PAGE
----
What Craft Beer Bubble?
The craft beer bubble or should I say, what craft beer bubble? As you can tell I am not one of those supporters of the craft brewery doomsday posts that keep showing up in my social media feeds. I personally find it rather ridiculous that people think this is a fad and that the number of breweries matters instead of the amount of beer produced.
There is usually the same squabbles about the number of breweries in the US. For arguments sake we will be only dealing with the numbers from the US; mainly because they are ahead of the craft beer curve and there are plenty of published statistics that we can refer to. Speaking of stats, it seems people are getting all freaked out about having over 3,000 craft breweries in the US right now. What’s the big deal? These are made up of mostly micro and nano-breweries and do not contribute a huge amount of barrels to the overall annual production numbers put out by the Brewers Association.
To put things in context about brewing capacity, the Brewers Association reports that the amount of beer sold in the US last year was a little more than 192,000,000 barrels (bbl.) which works out to roughly 4.9 billion gallons or 22.9 billion litres. That is a whole lot of beer! Craft beer had around a 15.3 million bbl., making craft brewers share of the market 7.8% as reported by the Brewers Association. So as you can see those 3,000 plus US craft breweries are only a drop in the bucket (or should I say barrel?) compared to the few huge macro breweries that pump out beer so fast you can hardly see the cans as they wiz by.
While the Brewers Association says that overall beer consumption is down by 2% in the US during 2013, overall sales for craft beer sales were $14.3 billion dollars which is a 20% growth over the previous year. They also say that the overall beer market is a whopping $100 billion and craft beer took $14.3 billion of it. So, the trend is obvious to me – people are spending more money on better beer. They may not be drinking more beer per se; they are spending more money for fewer quality brews. Money well spent I say!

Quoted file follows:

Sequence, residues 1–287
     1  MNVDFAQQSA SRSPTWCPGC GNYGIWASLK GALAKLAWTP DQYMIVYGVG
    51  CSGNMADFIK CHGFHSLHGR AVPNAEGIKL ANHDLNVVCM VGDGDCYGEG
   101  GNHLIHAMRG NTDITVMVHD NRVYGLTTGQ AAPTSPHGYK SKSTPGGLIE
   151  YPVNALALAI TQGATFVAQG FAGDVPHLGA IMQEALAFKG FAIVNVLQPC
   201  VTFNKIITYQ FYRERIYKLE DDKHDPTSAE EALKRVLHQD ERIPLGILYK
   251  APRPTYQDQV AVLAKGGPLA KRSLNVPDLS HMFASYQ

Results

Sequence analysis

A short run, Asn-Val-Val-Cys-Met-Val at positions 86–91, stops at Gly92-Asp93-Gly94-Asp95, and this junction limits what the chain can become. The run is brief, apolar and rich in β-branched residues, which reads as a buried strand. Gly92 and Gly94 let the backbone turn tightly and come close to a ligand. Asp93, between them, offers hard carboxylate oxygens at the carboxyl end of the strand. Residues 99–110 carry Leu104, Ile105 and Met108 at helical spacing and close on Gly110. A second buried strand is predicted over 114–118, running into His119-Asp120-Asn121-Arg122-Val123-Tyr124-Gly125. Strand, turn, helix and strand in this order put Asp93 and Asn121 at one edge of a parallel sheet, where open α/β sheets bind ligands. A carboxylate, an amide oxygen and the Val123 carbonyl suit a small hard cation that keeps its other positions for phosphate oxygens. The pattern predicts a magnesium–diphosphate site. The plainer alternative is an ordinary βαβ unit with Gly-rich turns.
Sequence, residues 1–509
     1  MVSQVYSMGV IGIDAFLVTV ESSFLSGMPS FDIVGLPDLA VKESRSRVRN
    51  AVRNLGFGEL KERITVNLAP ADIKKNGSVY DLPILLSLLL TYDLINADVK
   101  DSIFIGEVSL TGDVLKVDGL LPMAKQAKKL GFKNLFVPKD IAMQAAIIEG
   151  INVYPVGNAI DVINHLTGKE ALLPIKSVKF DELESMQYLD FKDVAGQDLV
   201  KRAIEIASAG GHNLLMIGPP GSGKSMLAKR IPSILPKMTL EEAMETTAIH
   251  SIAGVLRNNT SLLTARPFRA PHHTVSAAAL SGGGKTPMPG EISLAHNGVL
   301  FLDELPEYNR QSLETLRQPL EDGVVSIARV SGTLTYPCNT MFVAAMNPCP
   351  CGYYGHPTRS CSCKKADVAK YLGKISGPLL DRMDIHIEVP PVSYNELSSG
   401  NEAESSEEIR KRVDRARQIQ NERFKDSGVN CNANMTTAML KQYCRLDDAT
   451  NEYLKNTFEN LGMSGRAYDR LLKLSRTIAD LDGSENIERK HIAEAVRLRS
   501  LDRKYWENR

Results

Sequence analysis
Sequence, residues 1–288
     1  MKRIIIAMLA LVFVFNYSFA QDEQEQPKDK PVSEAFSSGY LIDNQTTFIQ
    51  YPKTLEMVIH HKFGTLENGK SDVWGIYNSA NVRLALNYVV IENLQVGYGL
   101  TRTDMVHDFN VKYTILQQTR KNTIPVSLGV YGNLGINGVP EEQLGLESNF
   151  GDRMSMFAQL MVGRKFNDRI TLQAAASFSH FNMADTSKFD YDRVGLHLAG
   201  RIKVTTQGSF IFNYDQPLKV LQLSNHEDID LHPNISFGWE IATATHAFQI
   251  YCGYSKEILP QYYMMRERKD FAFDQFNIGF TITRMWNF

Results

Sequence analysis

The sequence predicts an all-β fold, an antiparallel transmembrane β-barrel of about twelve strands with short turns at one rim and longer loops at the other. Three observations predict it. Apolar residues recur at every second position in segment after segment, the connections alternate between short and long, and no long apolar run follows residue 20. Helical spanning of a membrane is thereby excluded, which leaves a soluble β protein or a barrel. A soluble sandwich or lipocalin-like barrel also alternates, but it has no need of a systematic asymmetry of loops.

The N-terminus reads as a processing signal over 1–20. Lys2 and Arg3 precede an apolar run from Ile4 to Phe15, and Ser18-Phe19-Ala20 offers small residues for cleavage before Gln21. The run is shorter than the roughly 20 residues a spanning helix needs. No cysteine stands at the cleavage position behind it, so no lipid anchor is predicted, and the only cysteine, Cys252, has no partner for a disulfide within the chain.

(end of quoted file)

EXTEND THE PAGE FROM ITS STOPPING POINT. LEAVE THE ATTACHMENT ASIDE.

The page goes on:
The Changing Landscape of Beer and Breweries
At one time big breweries dominated cities all over the US and Canada. They have now become more automated, cut jobs and expanded more centrally located breweries. Craft breweries have become embedded in our society and our communities. They are involved, donating money and beer to causes that are helping our communities out. They create jobs, pay taxes and the money is usually staying in the area. They employ people in your town; the delivery drivers, the brewery staff, the office staff, distributors, truck drivers, tap room employees, brewery tour guides, sales people, etc. All of these jobs bring in much needed tax revenue and these employees spend their hard earned dollars locally as well.
These craft breweries also bring tourism to places that have had a hard time getting tourism dollars in to their county or city since the latest recession in 2009. There are enough breweries that there are now beer trails in several states that promote beer tourism even further. US Congress as well as several states have changed laws to allow smaller breweries and adjust laws to help breweries expand and increase distribution; all of which increase the tax base. Craft beer has been a very large part of the US economic recovery in my opinion. I am sure we will see governments continue to repeal old, prohibition era laws to continue to help the economy grow.